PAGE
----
Tag Archives: winter

A photo a day in December: days 16-20

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I’m currently sitting in Malpensa airport, where I arrived ridiculously far in advance of my flight. (Thanks to the bus times, it was that or a nerve-wrackingly tight schedule.) At least it means I get time to post my next five photos…

  • A bookshop which I have never actually been into but whose window I admire all the time;
  • There’s a boring and obvious joke to be made here about “I took a self portrait!!!” which I am not too dignified to make;
  • The view from the bus window this morning — I am so glad to be going to Australia and summer;
  • Cool architecture at the back of the Ospedale Oftalmico;
  • The river Po on Sunday afternoon in the sunshine and haze.

PS: You can check out my other posts from the challenge here


A photo a day in December: days 11-15

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It’s been COLD!!! here in Turin these past few days. At least, cold for Turin — temperatures near freezing, and lots of fog to keep you feeling nice and damp and clammy. Ugh. Makes for some atmospheric photos of the bare trees in the park, though.

On days 11-15, I took photos of:

  • The park at night. I had spent the entire walk from the train station to my house trying to get a good photo of the Christmas lights in the city centre; every photo I took was vaguely unsatisfying and I just wanted to get home and have a hot drink. On impulse, I snapped a shot in the park, it was the best photo I took all evening;
  • Another photo of cookies: my life these days is basically work/try to get a decent photo each day/bake cookies because why not, it’s nearly Christmas;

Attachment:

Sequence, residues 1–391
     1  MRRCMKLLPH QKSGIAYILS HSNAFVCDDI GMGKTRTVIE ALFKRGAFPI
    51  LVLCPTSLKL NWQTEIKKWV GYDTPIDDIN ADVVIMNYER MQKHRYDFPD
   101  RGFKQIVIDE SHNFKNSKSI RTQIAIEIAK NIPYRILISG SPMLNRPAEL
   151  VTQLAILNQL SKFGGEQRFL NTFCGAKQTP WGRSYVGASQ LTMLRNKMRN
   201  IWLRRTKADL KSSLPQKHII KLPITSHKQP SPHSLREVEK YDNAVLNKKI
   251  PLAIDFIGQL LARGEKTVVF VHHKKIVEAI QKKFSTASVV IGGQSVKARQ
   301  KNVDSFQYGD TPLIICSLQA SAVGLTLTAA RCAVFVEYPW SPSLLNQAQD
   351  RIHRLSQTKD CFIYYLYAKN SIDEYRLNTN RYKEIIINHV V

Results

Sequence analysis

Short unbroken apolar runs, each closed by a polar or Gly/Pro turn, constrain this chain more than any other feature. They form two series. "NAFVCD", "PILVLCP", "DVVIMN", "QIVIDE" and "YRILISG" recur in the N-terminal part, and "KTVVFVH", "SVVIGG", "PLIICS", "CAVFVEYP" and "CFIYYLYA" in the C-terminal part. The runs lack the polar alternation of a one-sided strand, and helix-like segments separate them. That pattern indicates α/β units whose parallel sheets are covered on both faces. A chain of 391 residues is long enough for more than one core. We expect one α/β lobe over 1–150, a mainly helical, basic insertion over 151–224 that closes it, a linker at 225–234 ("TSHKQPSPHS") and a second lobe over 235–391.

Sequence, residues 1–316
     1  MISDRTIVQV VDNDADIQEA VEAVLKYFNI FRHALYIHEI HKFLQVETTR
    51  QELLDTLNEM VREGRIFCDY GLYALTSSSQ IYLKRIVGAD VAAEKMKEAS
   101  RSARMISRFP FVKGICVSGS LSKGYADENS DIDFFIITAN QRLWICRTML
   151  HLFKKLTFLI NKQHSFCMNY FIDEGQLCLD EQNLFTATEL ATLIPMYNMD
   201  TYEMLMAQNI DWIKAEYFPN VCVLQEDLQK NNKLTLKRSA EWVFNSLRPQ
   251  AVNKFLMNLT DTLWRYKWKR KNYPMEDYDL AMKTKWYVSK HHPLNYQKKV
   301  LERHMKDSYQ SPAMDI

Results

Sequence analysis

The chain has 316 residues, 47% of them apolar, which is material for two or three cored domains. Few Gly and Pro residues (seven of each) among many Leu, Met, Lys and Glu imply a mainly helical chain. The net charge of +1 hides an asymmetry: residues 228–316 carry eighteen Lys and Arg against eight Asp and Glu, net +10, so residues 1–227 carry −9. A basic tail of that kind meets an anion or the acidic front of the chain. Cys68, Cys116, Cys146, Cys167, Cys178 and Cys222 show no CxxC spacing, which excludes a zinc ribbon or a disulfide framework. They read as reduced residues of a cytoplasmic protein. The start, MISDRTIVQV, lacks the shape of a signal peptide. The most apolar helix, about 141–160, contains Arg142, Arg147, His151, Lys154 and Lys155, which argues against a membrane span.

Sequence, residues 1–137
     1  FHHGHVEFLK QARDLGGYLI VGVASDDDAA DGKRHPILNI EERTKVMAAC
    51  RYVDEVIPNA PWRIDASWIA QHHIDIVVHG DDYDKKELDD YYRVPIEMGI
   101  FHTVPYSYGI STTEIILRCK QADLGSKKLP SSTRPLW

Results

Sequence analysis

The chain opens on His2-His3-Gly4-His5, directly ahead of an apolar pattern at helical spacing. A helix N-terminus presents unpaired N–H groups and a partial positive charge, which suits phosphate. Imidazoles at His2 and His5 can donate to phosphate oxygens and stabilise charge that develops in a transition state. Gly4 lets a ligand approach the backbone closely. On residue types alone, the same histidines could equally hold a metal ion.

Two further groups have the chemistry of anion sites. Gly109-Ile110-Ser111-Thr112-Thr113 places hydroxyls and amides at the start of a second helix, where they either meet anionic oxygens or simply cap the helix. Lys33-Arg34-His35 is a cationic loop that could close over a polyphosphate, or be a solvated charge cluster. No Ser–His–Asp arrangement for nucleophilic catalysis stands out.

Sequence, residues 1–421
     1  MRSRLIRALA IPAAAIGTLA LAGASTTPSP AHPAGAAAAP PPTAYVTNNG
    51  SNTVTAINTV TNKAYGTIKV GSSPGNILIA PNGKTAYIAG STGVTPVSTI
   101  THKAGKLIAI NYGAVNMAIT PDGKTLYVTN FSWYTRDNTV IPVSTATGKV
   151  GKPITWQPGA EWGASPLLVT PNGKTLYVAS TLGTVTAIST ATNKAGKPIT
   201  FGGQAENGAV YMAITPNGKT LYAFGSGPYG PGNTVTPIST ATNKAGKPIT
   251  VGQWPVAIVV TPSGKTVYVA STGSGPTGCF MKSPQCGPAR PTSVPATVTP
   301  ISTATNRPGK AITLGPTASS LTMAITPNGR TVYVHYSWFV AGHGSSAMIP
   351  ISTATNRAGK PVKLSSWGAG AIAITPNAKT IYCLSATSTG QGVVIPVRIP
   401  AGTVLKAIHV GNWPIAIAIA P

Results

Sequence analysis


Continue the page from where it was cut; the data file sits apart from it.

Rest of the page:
• Cute street art, awwwww;
  • The fencing near the entrance to the Royal Palace is nicely dramatically lit from below;
  • Pretty sure loose-leaf tea, a fancy-looking cookie, a book to read, and a journal should win me instagram-bingo, right?

PS: You can check out my other posts from the challenge here

A photo a day in December: days 6-10

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I am rather excited that a) I actually did another 5 days of my photo-a-day challenge, and b) I found some colourful things to take pictures of!

In days 6-10, we have:

  • “Superfood salad”, aka brussel sprouts, pomegranate and hazelnuts. (It’s based loosely on this recipe from Smitten Kitchen. Before serving I added apple and a vinaigrette with olive oil, lemon juice, sugar, salt and chili powder.)
  • The skating rink in Piazza Carlo Alberto;
  • A tin of home made cookies;
  • Bark and lichen — ooh nature; and
  • Possibly the coolest shop decoration ever: they have covered the entire store front in a patchwork knitted/crocheted blanket:
    Shop front with knitted decoration

PS: You can check out my other posts from the challenge here

A photo a day in December: days 1-5